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speedie

a speed question

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I'm curious as to if this will be slow?
int x = 0;
int foo[max];

for (int j=0; j<max; j++)
{
    if (foo[j].x > x) 
        x = foo[j].x;
}


would this be slow? when max could be upwards of around 3000+ a graphical question, assumeing 2D using quads(2 triangles)when using indexbuffers to batch. how much should I be batching? Should I only be batching say the top two used textures or should I batch everything? I was thinking if I batch everything, along with z ordering Alot of it really wouldn't be batched that much, or I would have alot of overlapping, and that would be a problem.

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As far as that code goes, there's nothing particularly slow about it. The compiler will optimize it into something extremely fast.

I can't really help with the other questions I'm afraid.

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Quite an appropriate name for such a question, speedie. ;)

Anyway, why don't you test the performance first? Optimizations can be done later on, optimizing too early on can make things far more complex than they need to be. Well, since you're asking for performance, sorting the list once and taking the last of first, depending on sorting order, is of course much faster, with the cost of a single sort at the start of course. But that depends on the situation: what are you using this list for, what are the requirements?

I can't say much on the batching, I've never done it in my OpenGL programs so far, but I'd test the performance with a representative level first before optimizing. That way you can spot what you need to optimize rather than doing it because you've heard it's a good thing. Someone else may give you some better pointers on this though. :)

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Re: batching.

I personally think that, while premature optimisation is normally a waste of time, you should still batch as much as you possibly can due to the vast range of different graphics hardware set ups you will want your program to run under.

What seems like a pointless and premature optimisation on your set up might in fact make a significant speed difference on a different machine with different graphics hardware.

I'm not sure the usually perfectly sensible argument about "Optimise only when you have identified a bottleneck" applies so well to the area of hardware accelerated graphics.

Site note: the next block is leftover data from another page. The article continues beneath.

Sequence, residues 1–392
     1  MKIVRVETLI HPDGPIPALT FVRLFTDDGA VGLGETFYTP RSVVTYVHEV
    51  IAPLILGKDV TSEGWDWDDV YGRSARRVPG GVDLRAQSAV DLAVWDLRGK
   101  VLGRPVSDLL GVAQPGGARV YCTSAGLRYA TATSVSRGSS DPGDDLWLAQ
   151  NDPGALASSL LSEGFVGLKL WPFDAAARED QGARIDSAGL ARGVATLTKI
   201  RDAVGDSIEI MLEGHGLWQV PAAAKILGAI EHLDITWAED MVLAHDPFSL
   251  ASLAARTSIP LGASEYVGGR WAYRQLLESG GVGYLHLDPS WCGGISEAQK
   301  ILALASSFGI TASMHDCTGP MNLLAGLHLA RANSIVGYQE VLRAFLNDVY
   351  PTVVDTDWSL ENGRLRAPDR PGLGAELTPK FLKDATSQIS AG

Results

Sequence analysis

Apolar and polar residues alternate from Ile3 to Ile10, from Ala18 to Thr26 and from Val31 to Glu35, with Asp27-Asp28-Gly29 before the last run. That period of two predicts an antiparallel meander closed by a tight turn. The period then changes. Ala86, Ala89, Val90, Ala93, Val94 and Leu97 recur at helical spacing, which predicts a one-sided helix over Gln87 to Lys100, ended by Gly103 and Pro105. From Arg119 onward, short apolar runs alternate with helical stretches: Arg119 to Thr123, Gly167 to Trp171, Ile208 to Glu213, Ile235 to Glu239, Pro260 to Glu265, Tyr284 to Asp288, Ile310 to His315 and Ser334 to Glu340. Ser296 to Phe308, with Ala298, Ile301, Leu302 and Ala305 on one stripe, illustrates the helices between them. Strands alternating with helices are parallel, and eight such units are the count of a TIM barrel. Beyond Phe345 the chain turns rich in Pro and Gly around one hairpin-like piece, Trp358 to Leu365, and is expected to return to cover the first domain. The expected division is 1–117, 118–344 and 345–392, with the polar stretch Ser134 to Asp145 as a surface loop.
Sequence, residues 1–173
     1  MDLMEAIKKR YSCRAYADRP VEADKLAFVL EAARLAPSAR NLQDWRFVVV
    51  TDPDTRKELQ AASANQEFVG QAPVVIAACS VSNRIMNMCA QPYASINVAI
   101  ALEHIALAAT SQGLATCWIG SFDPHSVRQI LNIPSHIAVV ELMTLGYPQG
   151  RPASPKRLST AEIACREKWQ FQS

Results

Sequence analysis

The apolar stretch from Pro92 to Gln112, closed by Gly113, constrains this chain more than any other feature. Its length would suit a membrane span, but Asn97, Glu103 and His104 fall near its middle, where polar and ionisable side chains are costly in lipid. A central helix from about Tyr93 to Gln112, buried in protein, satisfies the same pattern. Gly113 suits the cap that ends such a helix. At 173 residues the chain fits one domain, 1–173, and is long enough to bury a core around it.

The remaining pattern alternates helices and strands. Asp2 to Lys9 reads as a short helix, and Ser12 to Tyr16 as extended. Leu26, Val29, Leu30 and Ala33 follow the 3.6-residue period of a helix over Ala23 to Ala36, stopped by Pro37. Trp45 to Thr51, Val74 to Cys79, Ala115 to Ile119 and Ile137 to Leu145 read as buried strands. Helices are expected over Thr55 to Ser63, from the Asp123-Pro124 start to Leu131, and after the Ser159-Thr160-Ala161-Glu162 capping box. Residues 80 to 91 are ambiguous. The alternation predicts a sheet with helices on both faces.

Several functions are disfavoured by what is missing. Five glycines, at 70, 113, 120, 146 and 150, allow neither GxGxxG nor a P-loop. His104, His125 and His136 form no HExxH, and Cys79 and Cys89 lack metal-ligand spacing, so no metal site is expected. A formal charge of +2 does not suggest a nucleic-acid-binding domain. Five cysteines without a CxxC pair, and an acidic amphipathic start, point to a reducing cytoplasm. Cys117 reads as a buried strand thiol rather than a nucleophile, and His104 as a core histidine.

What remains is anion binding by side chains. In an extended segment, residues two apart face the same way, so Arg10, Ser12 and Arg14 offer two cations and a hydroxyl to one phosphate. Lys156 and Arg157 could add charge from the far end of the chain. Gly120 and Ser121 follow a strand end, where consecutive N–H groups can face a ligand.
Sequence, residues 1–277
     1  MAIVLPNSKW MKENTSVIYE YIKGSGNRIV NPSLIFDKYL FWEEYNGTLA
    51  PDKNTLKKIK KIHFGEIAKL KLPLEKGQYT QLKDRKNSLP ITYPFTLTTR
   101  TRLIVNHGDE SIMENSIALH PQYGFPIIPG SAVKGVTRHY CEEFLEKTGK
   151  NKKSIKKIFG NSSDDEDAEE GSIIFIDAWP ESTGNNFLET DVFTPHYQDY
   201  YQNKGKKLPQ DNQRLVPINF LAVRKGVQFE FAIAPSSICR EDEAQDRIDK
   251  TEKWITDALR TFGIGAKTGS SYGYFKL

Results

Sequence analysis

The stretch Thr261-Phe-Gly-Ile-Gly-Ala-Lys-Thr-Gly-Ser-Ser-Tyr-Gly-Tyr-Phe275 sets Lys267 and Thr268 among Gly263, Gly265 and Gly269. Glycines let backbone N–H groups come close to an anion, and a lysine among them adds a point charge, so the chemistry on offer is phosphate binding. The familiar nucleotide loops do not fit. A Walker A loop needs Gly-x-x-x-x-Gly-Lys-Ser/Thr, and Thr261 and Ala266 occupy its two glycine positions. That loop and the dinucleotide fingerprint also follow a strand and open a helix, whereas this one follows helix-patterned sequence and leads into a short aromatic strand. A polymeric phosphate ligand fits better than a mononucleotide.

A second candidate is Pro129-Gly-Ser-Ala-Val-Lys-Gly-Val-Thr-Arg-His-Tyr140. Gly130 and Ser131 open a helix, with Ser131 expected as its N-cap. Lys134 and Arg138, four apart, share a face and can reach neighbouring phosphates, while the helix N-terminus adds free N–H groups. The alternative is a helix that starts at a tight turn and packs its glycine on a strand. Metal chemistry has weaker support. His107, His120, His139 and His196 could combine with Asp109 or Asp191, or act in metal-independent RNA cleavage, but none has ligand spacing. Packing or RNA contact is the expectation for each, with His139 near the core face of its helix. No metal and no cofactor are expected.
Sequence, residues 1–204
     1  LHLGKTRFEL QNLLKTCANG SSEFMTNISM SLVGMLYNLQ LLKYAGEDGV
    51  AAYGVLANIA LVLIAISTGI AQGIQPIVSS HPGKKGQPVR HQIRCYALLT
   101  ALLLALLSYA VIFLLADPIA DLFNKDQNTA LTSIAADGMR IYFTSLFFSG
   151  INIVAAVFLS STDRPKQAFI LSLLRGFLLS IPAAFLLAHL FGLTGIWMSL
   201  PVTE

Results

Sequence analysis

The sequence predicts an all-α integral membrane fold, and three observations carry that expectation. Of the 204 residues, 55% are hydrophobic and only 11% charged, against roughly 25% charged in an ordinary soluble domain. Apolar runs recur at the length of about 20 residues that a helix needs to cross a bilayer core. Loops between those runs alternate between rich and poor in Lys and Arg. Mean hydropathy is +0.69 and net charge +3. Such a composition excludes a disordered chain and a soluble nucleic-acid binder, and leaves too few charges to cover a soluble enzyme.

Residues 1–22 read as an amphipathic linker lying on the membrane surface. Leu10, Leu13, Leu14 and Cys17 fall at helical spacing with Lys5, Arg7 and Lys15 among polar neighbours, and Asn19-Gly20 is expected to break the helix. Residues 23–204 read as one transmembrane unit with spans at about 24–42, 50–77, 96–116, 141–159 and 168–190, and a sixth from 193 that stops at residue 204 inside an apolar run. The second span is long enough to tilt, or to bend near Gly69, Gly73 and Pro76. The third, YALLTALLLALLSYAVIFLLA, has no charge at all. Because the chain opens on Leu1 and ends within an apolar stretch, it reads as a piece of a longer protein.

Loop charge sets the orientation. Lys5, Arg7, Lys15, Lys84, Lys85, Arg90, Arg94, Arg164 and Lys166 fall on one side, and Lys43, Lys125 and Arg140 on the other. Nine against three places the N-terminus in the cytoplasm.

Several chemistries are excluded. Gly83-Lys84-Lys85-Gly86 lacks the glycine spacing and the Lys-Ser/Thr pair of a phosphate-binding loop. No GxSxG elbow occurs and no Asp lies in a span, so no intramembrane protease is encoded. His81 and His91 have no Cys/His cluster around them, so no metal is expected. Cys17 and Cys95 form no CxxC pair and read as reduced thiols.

I'm prepared to stand corrected though if I'm talking rubbish.

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I wouldn't say it's premature, Incorparating indexbuffers, is my optimization. I just realy confused as to how I would sort everything while not having images overlap previously drawn images. I seems I would have to incorporate a z order, but I would think after sorting everything by the z axis alot of it per z layer wouldn't share the same texture.

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The runtime for your loop is O( n ) I believe.
Programs that require a lot of processing power will not worry too much about wether the loop iterates 10 times or 3000 times. The "big O" notation is still O( n ).

If you want to be considerably faster you will have to come up with faster data structures and algorithms.
As an example, binary search trees will give you O( log(n) ). (Correct me if Im wrong again)

If you are talking about optimizing the loop, I have heard that pointer arithmetics is faster than array indexing.
Example:

int foo[max];
int *px=foo, x = 0;

for (int j=0; j<max; ++j, ++px) // ++j is faster than j++ if were gona be picky
{
if (px->x > x)
x = px->x;
}




Wether this is a bottleneck in your program is another question. If not, optimizing like this is not worth it.

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You can't access an int array with px->x... Your compiler would throw an error saying that px is not a struct, class, etc... However you may have been inclined to write this because the OP used foo[j].x which is also incorrect